Recently, interchange fees have resurfaced in the news and a refresher on the issue — and why it matters to credit unions — is needed.
When a customer uses a credit or debit card to pay for a transaction, the merchant pays an interchange fee, or “swipe” fee, to the card-issuing bank.
Interchange fees cover a variety of expenses:
- system improvements;
- online transactions;
- data security;
- card production; and
- the cost of customer service.
Interchange fees can vary significantly on a number of circumstances, including:
- whether or not a card was present during the transaction;
- whether the data is complete;
- the category of the merchant;
- whether the card is credit or debit;
- the brand of the card; and
- whether the owner of the card is an individual, business, or other entity.
The Durbin Amendment — section 1075 of the Dodd-Frank Wall Street Reform and Customer Protection Act of 2010 — directed the Federal Reserve to regulate debit interchange fees. The Federal Reserve is directed to:
- set an interchange fee limit that shall be reasonable and proportional to the cost incurred by the issuer with respect to the transaction;
- consider transactional costs, not fixed costs; and
- adjust regulations to account for fraud prevention.
The Federal Reserve in 2011 issued a final rule to set the maximum interchange fee for debit transactions at 12 cents per transaction, plus 5% of the transaction value, with an upward adjustment of one cent allowable in some cases to account for fraud prevention. Of note, card-issuers with less than $10 billion in assets are exempt from the rule.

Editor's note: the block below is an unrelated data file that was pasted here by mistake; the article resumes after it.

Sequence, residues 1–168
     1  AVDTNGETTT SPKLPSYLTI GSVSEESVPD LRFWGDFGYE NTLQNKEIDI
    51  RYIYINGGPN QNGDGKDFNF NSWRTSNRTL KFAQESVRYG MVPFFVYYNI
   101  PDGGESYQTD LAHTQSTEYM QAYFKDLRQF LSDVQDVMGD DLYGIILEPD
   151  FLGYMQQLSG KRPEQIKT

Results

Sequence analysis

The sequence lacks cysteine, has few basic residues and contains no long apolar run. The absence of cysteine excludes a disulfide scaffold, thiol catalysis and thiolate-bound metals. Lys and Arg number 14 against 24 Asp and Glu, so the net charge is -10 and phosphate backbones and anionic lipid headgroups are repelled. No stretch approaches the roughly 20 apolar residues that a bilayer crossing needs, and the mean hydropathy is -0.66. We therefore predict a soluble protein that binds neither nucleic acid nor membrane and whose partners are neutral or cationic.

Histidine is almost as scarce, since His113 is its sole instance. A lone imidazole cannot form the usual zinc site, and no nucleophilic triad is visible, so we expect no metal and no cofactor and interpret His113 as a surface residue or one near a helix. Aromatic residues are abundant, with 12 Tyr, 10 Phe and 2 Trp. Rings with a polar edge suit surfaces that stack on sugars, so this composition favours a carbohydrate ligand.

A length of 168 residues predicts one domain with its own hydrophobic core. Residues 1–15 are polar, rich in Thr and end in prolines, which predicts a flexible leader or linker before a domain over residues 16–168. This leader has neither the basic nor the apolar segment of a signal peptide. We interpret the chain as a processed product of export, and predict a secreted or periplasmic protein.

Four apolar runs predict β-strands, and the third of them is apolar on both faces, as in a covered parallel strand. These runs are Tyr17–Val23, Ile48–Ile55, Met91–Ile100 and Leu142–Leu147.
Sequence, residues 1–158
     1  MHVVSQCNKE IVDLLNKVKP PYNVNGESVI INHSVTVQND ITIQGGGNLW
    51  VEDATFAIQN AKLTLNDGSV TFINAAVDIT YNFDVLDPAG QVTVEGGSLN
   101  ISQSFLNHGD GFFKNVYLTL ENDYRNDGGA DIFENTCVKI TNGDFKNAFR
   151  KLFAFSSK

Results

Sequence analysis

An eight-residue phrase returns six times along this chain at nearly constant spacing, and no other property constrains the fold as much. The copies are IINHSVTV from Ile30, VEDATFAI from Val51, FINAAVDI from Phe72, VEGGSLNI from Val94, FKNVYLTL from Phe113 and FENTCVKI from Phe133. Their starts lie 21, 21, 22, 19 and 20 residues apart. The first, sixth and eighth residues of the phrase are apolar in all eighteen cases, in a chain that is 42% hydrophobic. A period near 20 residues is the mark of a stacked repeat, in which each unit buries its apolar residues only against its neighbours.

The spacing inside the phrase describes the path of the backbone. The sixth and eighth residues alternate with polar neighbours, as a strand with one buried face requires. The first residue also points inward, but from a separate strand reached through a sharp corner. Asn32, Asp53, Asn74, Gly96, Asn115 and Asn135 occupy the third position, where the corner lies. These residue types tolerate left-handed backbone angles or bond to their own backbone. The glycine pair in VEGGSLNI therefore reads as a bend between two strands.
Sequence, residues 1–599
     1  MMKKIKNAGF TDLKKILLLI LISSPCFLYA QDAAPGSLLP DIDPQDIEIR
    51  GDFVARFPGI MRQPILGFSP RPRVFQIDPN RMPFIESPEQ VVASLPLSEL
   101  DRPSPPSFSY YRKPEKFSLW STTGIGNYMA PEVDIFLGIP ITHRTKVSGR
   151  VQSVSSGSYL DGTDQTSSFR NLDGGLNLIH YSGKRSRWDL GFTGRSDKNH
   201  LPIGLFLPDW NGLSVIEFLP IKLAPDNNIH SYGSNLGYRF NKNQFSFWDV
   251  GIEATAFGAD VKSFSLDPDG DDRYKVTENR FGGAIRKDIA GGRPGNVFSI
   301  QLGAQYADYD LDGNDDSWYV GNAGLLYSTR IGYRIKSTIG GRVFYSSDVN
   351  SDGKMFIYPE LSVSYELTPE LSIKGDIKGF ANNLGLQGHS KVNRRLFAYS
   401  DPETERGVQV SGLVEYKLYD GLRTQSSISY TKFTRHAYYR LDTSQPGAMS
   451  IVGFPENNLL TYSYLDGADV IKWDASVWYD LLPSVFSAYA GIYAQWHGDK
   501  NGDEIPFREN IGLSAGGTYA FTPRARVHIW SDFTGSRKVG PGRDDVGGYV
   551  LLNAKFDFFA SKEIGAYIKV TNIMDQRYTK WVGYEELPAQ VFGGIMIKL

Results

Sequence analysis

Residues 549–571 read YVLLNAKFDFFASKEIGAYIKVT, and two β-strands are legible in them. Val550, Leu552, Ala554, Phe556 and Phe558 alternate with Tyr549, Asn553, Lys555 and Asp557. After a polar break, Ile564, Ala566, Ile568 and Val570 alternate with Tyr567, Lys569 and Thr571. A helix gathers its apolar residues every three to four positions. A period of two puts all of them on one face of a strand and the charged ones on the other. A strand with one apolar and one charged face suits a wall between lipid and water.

Where NAFCU Stands
NAFCU has argued that the Durbin Amendment should be abandoned while envisioned to help consumers, the Durbin amendment has instead lined the pockets of big-box retailers, with little evidence of price cuts for consumers or benefits to small merchants. The regulatory burden and loss of revenue for credit unions and banks has led to industry consolidation and the difficult choice to charge for services that were once free, such as checking accounts.
Credit unions are committed to exceptional member-service and as such must be able to make a reasonable return on interchange fee income in order to continue to provide important consumer financial services.
The Federal Reserve is beginning to revisit its debit interchange policy and congressional chatter around the Durbin Amendment is picking up steam.
While the Fed’s proposal only seeks to clarify routing exclusivity under the regulation, NAFCU argues that it will do little to aid American consumers who are impacted by higher costs.
In addition, a recent lawsuit filed against the Fed by North Dakota-based associations representing retailers argues that the central bank should lower the cap on interchange fees for debit card transactions. NAFCU has an action alert available on its Grassroots Action Center for credit unions to join the association’s advocacy against efforts to lower interchange fees and contact lawmakers directly on the issue.
Now is the time for policymakers to recognize that the biggest proponents of the Durbin Amendment are those that have failed to provide compelling evidence of their core argument regarding interchange.
NAFCU will continue to advocate against efforts that would undermine credit unions’ interchange income and limit their ability to offer their 124 million members affordable products and services.
Visit nafcu.org/interchangefees for more information.